Global real estate advisor CBRE has published ‘Creative Regions’, a first of its kind report, showcasing the Top 25 Regional Creative talent markets in the UK [outside of London]. Key findings from the report reveal:
- Manchester tops the ranking as the leading UK regional creative talent market
- Southampton and Portsmouth are both growing creative destinations, ranked 12th and 21st respectively
- Scotland features particularly well with Edinburgh and Glasgow in the top quartile
- 11 of the top 25 creative talent locations are in the East and South East
These locations are identified as having the key ingredients required by this sector to progress and develop as future destinations for the creative industries (including publishing, film, TV, media, digital, computer programming and information services).
Common characteristics of successful creative talent markets include large concentrations of creative businesses and professionals, deep talent pools of highly educated graduate populations, large and growing millennial populations, good transport connections, quality of life and proximity to world class universities with strong research and computer science ratings.
The index shows Manchester as the leading UK creative talent market outside of the capital, by some margin, scoring consistently highly cross 15 weighted metrics. From a wider regional perspective, the East and South East dominates with 11 of the Top 25 creative talent locations. Although the East and South East are generally more expensive for house prices, office rents and pay, there are higher concentrations of creative industries companies and employment here. Strong transport links and connectivity to London are undoubtedly contributing factors.
Southampton and Portsmouth are some of the strongest South East creative talent markets, along with Reading, Oxford, and Brighton, according to the CBRE index. Southampton is the third highest creative market in the region and Portsmouth is in the top 10 in terms of those employed by the information and communications sector.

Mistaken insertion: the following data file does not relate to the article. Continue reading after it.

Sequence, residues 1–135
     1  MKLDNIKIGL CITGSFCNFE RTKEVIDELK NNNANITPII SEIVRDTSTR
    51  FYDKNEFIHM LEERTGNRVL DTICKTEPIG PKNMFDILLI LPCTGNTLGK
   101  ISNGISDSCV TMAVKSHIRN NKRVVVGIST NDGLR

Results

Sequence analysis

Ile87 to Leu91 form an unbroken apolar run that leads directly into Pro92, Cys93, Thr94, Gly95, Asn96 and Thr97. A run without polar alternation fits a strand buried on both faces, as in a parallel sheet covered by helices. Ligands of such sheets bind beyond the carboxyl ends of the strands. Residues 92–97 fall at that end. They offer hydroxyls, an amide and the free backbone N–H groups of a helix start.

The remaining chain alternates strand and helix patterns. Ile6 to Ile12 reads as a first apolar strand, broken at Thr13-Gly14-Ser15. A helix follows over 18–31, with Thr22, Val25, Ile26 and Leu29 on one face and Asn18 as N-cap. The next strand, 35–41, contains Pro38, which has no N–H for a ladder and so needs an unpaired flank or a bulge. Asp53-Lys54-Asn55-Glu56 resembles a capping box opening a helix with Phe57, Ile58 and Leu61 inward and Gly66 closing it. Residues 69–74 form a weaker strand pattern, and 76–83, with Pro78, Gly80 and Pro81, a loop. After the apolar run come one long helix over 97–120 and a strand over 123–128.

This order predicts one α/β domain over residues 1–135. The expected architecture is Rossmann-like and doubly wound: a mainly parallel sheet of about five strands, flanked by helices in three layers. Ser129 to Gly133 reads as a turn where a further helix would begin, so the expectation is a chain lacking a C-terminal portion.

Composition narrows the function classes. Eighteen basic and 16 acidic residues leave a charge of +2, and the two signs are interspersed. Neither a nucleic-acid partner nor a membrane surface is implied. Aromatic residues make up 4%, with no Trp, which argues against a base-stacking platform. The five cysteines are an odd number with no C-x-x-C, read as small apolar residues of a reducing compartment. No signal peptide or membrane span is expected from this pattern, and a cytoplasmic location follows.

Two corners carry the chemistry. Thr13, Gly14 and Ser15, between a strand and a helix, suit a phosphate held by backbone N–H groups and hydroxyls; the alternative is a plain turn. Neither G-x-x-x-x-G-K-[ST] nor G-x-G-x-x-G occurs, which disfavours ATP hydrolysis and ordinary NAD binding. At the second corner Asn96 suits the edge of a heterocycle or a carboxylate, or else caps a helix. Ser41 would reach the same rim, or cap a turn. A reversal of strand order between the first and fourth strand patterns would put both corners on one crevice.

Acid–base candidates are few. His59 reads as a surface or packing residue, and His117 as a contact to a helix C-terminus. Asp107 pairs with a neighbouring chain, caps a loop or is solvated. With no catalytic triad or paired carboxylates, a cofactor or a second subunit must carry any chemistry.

Both cities have much to offer. Southampton is well situated, widely viewed as the regional centre for central southern England. Its proximity to both sea and countryside make it an attractive place to live and work. There is a critical mass of talent, high concentration of millennials in the local population, and proximity to two major universities which together produce around 6,500 graduates each year and are engaged in world class research.
Portsmouth has long been an important regional base for IBM. It is also home to a growing number of smaller creative businesses in fields ranging from graphic design, marketing, architecture, fashion, music, film and photography. The ranks of these smaller businesses have been growing. A survey into the creative sector in Portsmouth (Creative Census Portsmouth, 2016) found that, out of 240 creative businesses surveyed, over half had started up in the past five years, indicating a healthy and very positive new business formation rate.
The University of Portsmouth is also one of the world’s top 100 new universities in the Times Higher Education Young University Rankings 2017. The Faculty of Creative and Cultural Industries at the university has a strong industry focus, offering a highly vocational course portfolio designed to develop the highly skilled and expert graduates needed by this industry.
Both cities are well positioned to accommodate further growth from the Creative sector if they can draw upon and build on their existing strengths and the businesses already in place.
James Brounger, Senior Director at CBRE, said “The tech phenomena looks set to continue in the UK. Technology and creative industries in general, are not affected by regulatory restrictions or fears over single market access. Contrary to common perception, large numbers of these companies are based outside of London and we expect this will continue to be the case. Evidence shows that regional cities such as Southampton and Portsmouth also have a critical mass of talent necessary to compete successfully in this sector.
“There are many other tempting reasons to locate in the area including quality of life, access to talent, successful universities, cost of living and proximity to London. Indeed, given the growing cost of higher education, and the cost of living in London, the large regional centres particularly in the South are increasingly proving an attractive proposition for graduates and employers”.
Emma Jackson, Associate Director in CBRE Research, comments “As this sector continues to grow, the choice of office space and where to locate will be ever more critical to its sustainability and future growth. Through an in-depth understanding of the unique characteristics and potential of particular markets, which this new research offers, businesses will be better placed to make effective, cost efficient and informed property decisions that will greatly aid in the quest to attract and also crucially to retain the best talent to create competitive advantage”.